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Saving on Eye Care: Bargains and Risks

Why cutting costs on eye care sometimes goes too far.
By
WebMD Feature
Reviewed by Laura J. Martin, MD

In a tough economy, saving money is on everyone's mind. But when it comes to eye care, experts say that what you do to save money today may put you at risk of much higher costs in the future.

"As people try to ration their income, they will often choose to forgo or skip their routine eye exam," says Samuel Pierce, OD, a Trussville, Ala.-based optometrist and a board member of the American Optometric Association. "It's penny-wise and health care-foolish."

Don't Skimp on Health Care for Your Eyes

According to the CDC, 61 million Americans are at high risk of losing their eyesight, yet only half that number saw an eye doctor in the previous year. Pierce says that many people equate the health of their eyes with their ability to see. If they don't have vision problems now, or they have glasses that correct their vision, they often believe that their eyes are doing just fine.

The trouble is, blinding diseases such as glaucoma, macular degeneration, and diabetic retinopathy -- the top cause of blindness among U.S. adults -- often don't have any noticeable symptoms until after the disease has progressed to a point where the damage is irreversible. Caught early, however, many eye diseases can be treated before they do permanent harm.

"Never equate how well you see with how healthy your eyes are," Pierce says. "That is the biggest misconception out there."

Ophthalmologist Mark Fromer, MD, agrees.

"There are all kinds of systemic diseases, but people like to think it is all about eyeglasses and don't see the bigger picture," says Fromer, who practices at Lenox Hill Hospital in New York and is the eye surgeon for the New York Rangers hockey team.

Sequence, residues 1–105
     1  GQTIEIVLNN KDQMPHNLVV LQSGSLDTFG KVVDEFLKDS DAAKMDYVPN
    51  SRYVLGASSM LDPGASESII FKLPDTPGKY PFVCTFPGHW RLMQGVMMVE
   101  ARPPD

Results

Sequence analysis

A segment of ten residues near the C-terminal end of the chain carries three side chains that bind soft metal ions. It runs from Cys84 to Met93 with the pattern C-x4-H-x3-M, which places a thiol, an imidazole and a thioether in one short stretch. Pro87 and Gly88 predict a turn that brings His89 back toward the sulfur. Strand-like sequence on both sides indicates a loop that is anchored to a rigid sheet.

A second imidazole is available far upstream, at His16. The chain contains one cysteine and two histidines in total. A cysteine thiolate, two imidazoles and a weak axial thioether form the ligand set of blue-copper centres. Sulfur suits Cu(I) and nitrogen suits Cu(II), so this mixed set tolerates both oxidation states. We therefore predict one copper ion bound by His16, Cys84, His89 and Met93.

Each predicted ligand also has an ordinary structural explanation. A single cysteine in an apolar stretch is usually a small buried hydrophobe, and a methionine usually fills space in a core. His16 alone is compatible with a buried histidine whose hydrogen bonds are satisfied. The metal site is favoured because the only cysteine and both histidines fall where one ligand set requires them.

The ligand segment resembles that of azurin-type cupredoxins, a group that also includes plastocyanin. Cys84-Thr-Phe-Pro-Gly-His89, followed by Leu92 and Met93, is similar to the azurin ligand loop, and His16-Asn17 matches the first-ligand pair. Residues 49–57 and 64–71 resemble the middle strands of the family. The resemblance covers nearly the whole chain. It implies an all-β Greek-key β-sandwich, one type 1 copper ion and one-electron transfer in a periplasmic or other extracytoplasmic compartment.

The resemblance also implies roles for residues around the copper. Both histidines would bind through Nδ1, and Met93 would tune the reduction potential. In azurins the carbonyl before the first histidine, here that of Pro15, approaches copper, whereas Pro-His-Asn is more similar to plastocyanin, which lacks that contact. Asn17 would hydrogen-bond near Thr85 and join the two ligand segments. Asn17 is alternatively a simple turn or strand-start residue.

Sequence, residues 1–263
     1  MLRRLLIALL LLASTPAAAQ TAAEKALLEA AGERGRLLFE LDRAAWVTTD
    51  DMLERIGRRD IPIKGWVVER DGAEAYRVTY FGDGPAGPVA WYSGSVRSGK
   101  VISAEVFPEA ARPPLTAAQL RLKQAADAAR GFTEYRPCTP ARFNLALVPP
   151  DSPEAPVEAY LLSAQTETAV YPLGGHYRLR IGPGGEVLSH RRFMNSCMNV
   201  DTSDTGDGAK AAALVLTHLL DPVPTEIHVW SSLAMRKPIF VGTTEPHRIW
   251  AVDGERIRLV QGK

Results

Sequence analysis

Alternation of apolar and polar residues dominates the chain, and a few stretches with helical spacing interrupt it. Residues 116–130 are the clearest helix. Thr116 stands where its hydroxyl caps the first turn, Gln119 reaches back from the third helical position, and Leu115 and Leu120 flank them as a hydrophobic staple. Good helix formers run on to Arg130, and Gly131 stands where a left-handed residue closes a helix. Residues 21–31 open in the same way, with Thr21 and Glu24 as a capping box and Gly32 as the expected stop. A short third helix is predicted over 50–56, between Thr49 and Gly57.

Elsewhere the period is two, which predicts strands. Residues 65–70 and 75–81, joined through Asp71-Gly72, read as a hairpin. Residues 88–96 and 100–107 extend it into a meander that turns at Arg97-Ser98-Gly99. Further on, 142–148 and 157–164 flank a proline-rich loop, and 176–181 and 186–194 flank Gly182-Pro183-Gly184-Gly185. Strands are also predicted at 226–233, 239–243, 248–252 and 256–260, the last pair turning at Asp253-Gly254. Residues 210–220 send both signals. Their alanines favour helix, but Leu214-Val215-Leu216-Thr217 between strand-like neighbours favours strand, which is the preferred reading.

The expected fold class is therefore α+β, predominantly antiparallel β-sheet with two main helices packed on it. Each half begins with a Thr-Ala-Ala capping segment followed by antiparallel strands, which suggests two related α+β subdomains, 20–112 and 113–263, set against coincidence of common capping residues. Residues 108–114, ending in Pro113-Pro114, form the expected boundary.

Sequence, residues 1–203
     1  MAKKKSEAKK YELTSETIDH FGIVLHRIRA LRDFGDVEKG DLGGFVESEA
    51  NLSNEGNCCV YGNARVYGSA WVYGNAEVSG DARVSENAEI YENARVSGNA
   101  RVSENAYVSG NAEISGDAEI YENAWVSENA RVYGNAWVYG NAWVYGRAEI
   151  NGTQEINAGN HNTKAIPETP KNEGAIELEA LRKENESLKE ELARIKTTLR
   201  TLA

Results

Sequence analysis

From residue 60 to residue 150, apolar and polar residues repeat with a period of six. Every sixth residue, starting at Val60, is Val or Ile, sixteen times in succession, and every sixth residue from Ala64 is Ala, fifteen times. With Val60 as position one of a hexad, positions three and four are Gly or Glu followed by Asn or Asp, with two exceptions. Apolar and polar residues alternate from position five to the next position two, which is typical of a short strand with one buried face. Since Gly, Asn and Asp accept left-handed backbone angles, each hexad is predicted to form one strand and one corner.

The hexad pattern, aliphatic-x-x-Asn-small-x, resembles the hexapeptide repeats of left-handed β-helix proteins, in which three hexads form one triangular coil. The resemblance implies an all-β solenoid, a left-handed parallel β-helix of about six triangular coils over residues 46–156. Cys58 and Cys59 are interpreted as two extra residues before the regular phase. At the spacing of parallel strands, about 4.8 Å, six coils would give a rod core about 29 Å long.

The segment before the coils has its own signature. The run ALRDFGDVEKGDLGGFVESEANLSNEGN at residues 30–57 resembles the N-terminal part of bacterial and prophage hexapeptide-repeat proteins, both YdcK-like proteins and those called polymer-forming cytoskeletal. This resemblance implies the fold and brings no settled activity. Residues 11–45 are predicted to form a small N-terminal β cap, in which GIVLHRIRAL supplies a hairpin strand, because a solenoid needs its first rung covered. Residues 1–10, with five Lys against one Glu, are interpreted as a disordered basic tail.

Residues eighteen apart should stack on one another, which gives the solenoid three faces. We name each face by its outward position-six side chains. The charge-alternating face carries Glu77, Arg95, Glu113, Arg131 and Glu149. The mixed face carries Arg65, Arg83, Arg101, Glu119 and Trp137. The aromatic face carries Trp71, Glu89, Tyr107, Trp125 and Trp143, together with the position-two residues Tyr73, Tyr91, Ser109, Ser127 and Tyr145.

Fromer says that patient education plays a big role in how often people see the eye doctor, but budget is an important factor as well. When he talks to patients, he puts eye health in perspective by comparing it to skydiving and brain surgery.

"You don't want a budget parachute or a budget neurologist, do you?" Fromer says.

The American Optometric Association recommends adults ages 18-60 who have no risks for eye disease have an eye examination every two years. Adults 18-60 at risk for eye disease should get an eye exam every one to two years or as recommended by your eye doctor. Those who are ages 61 and older should get an eye exam annually or as recommended by your eye doctor.

"There are lots of blinding diseases without symptoms up front," Fromer says. "That's why it is so important to come in early and be tested."

Caution When Shopping for Glasses Online

Skimping on routine care is not the only place where budget seekers can run into trouble. Where and how you get your glasses can also be a problem. Pierce points to online eyeglass retailers in particular. They may offer low prices, but he says that too often, what you get for your money are cheap, inaccurate, and unsafe glasses.

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